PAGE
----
The lack of uniform and authentic technical standards has long been a great concern of the AD industry. While China boasts an advanced automobile industry, with a favorable environment for the development of autonomous driving technologies including various AD test fields and OEMs, there is not as of yet a public contest that can bring together all front-line AD enterprises.
Tony thinks that it would not be difficult to organize such contests. First, OEMs, professional assessment organizations, colleges and universities may serve as judges. Then, one vehicle platform may be selected and the same amount of time for development can be granted to all participants. Next, within the same test area, random locations may be chosen for road testing with the average takeover rate within a limited period of time being carefully recorded. Finally, the objective results can be produced after filtering out incidental factors and averaging the data.
At present, only MPI (Miles Per Intervention) may be referred to when it comes to measuring different companies’ technical capabilities. However, this data is reported voluntarily, which means all of it is based on individual enterprises’ own selected test scenarios. MPI should therefore not be considered an authoritative metric to measure different companies’ technical strength. Aside from being methodologically incorrect for the industry itself, it is also understandably confusing to outsiders.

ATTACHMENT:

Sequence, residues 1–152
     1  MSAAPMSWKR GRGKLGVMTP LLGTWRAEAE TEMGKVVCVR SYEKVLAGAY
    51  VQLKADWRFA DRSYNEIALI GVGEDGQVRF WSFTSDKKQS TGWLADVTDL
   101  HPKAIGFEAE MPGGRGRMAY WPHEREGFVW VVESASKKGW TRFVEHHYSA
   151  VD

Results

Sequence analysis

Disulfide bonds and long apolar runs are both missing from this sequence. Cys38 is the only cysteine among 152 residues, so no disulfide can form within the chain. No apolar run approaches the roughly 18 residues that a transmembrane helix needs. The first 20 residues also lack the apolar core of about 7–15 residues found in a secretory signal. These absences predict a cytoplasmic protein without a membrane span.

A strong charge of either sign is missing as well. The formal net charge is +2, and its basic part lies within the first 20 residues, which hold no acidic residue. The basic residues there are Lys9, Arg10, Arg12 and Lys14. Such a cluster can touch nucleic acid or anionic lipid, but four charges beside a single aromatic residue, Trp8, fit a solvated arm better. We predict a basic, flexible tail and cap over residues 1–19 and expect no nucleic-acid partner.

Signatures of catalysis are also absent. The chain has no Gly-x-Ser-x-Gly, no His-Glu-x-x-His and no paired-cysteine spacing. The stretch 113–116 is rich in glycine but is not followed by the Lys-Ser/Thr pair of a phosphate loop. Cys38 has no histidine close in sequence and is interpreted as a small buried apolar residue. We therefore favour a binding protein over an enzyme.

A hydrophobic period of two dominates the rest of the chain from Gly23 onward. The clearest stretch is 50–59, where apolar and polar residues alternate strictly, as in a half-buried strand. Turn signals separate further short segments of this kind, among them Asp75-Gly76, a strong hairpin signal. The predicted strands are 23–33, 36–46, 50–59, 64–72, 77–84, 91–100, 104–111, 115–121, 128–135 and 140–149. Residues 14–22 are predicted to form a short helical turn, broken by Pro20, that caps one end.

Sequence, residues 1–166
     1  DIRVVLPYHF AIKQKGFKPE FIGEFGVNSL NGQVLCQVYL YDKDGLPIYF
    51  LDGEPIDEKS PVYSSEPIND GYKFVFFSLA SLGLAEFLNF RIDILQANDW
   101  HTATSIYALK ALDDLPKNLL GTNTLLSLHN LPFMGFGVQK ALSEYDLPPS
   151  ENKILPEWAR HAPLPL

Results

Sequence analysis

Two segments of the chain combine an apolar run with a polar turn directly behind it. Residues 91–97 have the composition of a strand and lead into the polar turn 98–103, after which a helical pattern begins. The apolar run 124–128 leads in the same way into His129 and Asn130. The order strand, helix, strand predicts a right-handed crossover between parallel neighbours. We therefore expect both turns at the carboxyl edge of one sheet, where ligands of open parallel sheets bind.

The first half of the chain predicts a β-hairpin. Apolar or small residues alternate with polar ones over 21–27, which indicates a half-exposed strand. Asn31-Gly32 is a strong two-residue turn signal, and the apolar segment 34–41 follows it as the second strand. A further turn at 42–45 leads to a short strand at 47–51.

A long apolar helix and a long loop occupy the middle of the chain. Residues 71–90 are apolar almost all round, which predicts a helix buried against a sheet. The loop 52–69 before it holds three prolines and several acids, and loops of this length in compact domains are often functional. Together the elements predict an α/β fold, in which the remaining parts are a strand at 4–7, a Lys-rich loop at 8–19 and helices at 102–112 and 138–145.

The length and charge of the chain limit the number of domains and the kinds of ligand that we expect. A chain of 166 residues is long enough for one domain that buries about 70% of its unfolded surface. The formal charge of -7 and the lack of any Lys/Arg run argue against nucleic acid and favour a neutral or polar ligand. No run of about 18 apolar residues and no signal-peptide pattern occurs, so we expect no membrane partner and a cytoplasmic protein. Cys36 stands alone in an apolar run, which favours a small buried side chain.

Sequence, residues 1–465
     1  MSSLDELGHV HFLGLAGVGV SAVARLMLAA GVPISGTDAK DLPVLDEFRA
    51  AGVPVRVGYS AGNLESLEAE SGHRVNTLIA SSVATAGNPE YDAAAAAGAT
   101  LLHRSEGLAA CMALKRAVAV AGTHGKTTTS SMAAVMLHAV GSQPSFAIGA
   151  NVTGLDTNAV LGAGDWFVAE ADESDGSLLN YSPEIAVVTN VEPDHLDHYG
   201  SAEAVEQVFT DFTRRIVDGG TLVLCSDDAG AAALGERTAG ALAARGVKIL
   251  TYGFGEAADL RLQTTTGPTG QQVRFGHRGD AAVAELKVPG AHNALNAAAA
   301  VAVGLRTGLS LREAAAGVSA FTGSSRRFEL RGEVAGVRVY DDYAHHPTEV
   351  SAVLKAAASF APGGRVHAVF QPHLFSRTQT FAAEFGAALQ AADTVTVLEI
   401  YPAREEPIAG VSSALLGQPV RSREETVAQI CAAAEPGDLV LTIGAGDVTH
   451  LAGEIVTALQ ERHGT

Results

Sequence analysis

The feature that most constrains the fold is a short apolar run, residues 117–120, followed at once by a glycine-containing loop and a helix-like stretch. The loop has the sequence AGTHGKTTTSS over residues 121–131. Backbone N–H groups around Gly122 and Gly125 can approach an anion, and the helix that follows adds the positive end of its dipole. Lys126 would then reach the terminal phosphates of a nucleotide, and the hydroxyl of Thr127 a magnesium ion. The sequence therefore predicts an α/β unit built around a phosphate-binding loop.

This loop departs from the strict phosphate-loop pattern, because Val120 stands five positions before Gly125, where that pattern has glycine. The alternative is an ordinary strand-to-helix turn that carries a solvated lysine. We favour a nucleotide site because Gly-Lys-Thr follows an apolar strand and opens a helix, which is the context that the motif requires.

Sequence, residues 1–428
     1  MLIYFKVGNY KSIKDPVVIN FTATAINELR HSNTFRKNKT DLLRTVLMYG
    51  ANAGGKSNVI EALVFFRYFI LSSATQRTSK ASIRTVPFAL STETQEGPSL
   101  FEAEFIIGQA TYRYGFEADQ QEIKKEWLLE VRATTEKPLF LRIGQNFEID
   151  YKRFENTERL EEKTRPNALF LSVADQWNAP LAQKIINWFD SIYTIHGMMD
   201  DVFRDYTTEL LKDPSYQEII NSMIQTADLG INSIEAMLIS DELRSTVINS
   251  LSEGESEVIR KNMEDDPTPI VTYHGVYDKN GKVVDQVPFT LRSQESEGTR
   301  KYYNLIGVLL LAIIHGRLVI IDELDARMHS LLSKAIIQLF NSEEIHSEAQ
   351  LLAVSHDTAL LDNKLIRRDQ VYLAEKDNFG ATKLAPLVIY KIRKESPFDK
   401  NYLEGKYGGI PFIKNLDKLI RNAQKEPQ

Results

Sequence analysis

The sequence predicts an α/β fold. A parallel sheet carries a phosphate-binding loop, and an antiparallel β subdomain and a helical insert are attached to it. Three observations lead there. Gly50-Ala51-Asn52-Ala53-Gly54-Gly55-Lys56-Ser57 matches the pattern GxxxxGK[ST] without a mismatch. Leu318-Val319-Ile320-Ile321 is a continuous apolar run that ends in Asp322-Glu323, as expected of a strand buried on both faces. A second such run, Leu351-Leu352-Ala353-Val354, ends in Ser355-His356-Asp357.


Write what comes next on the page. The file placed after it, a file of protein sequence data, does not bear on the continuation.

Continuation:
In addition to fair and professional contests, the most reasonable evaluation of AD technologies is the operation of driverless mobility services open to the public.
“The best autonomous driving technologies should be developed to stand public operations. In the example of professional boxers, I don’t believe that anyone can even try to claim to be the best without being put on the stage of UFC and MMA. That is why WeRide has been committed to putting our technology in the hands of normal citizens (i.e the pubic) from the very beginning.” Tony said.
As of January 2021, the publicly available Robotaxi service that WeRide launched in Guangzhou’s Huangpu District has been in operation for more than 400 days. As far as WeRide is concerned, public operation not only contributes to data collection of real road scenarios, it also enables WeRide to understand of what the market needs. Our customers’ feedback and complaints have proven extremely valuable to our operation and engineering staff in constantly raising the bar of the service and technology.